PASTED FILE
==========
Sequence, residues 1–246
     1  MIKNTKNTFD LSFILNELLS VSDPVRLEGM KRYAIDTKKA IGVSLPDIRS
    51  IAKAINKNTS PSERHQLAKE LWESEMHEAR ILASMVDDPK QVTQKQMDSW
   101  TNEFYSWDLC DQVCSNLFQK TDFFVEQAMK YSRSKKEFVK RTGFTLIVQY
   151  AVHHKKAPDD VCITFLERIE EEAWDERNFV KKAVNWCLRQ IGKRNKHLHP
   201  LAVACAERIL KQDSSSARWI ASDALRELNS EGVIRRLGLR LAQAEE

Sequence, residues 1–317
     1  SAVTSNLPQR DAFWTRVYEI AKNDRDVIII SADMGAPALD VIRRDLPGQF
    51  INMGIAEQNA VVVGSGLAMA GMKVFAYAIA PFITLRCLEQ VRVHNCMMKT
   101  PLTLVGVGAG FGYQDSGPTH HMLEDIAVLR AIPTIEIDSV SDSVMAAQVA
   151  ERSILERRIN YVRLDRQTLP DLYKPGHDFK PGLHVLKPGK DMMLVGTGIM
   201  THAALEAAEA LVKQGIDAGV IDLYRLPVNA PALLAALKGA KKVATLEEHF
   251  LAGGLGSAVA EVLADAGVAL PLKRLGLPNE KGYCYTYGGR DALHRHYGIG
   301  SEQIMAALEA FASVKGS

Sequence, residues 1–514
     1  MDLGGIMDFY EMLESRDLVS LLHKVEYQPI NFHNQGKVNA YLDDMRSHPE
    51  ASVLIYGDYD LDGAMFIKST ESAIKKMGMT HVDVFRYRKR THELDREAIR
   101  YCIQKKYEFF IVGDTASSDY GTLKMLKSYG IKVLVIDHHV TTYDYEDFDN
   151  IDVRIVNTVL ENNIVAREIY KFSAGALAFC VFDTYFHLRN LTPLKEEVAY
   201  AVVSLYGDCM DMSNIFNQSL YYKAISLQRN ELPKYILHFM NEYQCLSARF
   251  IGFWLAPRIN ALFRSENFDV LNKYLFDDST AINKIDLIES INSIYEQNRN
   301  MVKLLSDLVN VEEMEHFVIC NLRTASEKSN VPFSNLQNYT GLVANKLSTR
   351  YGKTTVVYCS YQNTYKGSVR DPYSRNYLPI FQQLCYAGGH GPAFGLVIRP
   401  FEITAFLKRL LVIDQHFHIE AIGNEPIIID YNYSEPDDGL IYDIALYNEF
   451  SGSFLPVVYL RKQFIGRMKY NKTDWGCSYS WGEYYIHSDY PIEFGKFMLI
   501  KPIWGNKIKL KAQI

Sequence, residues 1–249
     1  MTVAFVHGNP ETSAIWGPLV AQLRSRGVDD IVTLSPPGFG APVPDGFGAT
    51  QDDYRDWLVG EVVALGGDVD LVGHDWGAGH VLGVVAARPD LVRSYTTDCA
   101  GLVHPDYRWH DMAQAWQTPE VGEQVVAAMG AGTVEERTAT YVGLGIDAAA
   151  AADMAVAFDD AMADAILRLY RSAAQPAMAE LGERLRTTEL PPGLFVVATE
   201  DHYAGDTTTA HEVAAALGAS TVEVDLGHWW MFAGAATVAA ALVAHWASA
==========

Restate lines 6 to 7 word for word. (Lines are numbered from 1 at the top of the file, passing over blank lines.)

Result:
   201  LAVACAERIL KQDSSSARWI ASDALRELNS EGVIRRLGLR LAQAEE

Sequence, residues 1–317